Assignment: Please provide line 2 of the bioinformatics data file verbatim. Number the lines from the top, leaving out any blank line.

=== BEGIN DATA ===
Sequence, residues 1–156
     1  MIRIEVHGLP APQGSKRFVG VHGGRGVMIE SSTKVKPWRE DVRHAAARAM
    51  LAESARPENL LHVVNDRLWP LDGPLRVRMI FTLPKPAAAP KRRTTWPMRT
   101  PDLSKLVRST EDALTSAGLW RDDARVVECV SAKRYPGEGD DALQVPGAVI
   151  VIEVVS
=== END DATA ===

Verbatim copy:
     1  MIRIEVHGLP APQGSKRFVG VHGGRGVMIE SSTKVKPWRE DVRHAAARAM